It screws up a bunch of smaller ones too, such as Yoda’s reveal, where we get to learn, with Luke, about judging outward appearances.

The more extra details that are given to characters that the story isn’t about, the less chance there are for those kinds of moments. 

Or in the words of Master Skywalker- “This is not going to go the way you think."

On to the specifics with spoilers all over the place, and starting with the silly one:

"I can’t believe they’re showing bombers in space, that’s ridiculous there’s no gravity!"

Really?  After forty years of Star Wars space combat being based on World War II airplane battles, you’re gonna bring this up now?  There have been TIE bombers since 1980 for poodoos sake!

The real reason they can drop bombs in space is the same as the reason we can hear all those giant space explosions- Because it’s freakin’ cool! 

But since I did promise Captain Continuity mode, how about this?  
Every ship we’ve seen in this universe…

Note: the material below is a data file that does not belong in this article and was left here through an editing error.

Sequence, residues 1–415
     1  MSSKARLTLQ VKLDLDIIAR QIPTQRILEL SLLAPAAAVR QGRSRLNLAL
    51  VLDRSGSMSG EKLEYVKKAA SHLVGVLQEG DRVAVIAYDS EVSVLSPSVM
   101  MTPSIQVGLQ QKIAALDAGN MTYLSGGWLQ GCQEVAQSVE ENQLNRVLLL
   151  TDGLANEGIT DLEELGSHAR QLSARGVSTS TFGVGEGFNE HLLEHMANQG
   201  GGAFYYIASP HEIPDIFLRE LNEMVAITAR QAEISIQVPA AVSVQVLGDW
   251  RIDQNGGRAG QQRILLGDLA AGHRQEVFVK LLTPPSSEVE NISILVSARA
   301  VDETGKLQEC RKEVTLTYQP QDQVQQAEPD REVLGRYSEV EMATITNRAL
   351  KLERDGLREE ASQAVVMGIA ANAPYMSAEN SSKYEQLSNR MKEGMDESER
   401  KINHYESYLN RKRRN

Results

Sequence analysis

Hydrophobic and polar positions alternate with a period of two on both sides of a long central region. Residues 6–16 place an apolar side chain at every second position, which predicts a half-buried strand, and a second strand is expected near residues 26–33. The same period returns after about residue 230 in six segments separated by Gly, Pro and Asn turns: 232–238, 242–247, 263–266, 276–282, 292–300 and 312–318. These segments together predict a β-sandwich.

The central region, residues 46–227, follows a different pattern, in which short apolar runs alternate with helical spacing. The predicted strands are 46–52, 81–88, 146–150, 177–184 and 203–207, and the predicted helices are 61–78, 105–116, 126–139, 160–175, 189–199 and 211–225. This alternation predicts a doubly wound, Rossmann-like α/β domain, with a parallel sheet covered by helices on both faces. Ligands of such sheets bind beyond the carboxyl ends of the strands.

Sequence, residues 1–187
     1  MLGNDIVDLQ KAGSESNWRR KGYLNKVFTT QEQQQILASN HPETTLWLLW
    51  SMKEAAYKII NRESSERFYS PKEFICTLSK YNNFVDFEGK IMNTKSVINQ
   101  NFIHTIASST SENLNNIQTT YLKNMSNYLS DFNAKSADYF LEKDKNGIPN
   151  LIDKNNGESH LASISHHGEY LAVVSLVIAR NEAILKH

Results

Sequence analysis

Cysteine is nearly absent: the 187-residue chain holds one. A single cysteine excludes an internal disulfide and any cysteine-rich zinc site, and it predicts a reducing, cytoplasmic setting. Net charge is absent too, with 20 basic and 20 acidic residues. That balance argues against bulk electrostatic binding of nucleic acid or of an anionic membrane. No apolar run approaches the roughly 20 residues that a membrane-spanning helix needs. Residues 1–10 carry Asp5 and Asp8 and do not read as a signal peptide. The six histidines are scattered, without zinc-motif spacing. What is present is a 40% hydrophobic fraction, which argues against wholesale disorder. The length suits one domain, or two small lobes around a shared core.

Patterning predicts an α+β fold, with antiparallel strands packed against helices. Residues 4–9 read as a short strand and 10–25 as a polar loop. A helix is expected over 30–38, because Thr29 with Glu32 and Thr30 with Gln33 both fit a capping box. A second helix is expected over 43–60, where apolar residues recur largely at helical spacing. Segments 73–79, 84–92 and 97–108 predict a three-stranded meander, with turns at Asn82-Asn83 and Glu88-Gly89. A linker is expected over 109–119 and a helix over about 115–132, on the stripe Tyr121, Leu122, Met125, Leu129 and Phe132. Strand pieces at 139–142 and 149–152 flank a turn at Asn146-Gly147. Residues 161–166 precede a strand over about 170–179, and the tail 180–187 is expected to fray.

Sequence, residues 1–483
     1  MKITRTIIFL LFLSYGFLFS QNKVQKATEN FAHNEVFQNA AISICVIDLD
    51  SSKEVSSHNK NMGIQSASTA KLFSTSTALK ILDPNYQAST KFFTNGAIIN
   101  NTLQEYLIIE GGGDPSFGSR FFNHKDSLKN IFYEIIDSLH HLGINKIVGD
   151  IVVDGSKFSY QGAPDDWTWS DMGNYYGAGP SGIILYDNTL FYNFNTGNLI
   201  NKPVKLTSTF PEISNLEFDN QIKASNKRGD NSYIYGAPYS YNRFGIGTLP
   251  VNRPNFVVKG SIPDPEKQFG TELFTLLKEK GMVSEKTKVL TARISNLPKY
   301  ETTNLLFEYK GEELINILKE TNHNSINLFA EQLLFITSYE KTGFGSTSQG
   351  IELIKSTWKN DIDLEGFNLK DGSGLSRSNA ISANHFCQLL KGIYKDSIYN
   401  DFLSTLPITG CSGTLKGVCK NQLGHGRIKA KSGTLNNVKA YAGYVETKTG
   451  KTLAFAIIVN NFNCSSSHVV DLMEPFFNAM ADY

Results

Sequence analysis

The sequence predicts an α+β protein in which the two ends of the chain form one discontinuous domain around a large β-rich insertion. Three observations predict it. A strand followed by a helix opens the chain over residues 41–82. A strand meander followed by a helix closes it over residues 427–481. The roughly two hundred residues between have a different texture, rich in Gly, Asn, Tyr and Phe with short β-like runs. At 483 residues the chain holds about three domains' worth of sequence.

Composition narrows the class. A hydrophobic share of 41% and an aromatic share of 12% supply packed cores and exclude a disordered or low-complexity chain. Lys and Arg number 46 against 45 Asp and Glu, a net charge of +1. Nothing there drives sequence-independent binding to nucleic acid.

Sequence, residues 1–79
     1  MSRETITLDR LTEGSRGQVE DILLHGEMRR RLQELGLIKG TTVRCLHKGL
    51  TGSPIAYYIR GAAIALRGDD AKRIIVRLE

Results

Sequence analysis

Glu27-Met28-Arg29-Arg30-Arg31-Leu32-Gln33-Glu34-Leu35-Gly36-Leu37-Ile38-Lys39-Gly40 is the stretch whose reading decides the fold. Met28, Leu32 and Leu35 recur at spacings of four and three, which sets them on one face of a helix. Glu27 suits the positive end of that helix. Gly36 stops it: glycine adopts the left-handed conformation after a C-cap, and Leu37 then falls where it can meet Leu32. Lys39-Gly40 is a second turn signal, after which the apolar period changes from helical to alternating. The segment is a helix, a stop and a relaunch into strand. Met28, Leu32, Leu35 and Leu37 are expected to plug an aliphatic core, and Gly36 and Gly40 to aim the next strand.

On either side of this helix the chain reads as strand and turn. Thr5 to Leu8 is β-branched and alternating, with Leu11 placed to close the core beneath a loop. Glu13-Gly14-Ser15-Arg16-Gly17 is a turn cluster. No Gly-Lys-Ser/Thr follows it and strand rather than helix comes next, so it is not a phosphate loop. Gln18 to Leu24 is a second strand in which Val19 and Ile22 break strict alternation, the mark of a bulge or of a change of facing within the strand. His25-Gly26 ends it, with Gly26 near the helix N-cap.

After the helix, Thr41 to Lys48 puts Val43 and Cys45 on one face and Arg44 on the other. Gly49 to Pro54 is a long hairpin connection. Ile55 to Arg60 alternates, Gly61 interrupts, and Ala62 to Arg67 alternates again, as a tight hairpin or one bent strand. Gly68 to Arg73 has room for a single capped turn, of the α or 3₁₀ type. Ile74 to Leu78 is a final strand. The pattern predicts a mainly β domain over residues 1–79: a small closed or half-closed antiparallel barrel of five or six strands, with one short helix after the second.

Every stinking one…
From monstrosities the size of Rhode Island, to small freighters and fighters,..
Have their own atmosphere and gravity.

So the bombs clearly lock onto whatever generates the gravity in the ship below, and fall toward it.
They probably use magnets too, because why not?

"If Holdo just told Poe the escape plan he wouldn’t have mutinied trying to save everyone!"

Let’s start with Star Wars follows Myth arcs and the main characters on the good side here are Finn, Rey and Poe.  We’ll get to the other two in a bit.  Poe’s arc involves growing from a hotshot pilot into a leader.  In the aforementioned bombing run he demonstrated an extreme recklessness and lack of ability to see the big picture and Leia physically and professionally slapped him down. 

Yes, he’s the greatest pilot in the galaxy, and his plan did get one of the First Order’s largest ships destroyed.  It also lost the entire bomber group and most of their escorts.  Leia and Holdo (and the film itself) show admiration for his abilities and personality, but he’s supposed to already be in a position to understand that tradeoffs and attrition with a vastly superior force are not acceptable for  long term success.

So here’s a demoted officer with a track record of being impulsive, shooting his mouth off and missing the long range goals. Of course they didn’t tell him about the plan to escape to a secret base. There were people deserting left and right and the only way the plan could work is if it was kept a giant secret. This was a massive “Need to Know “situation well below his clearance level.  His job was to stay at his post and be ready to “jump in an x-wing and blow something up” at a moment’s notice when the plan needed coverage.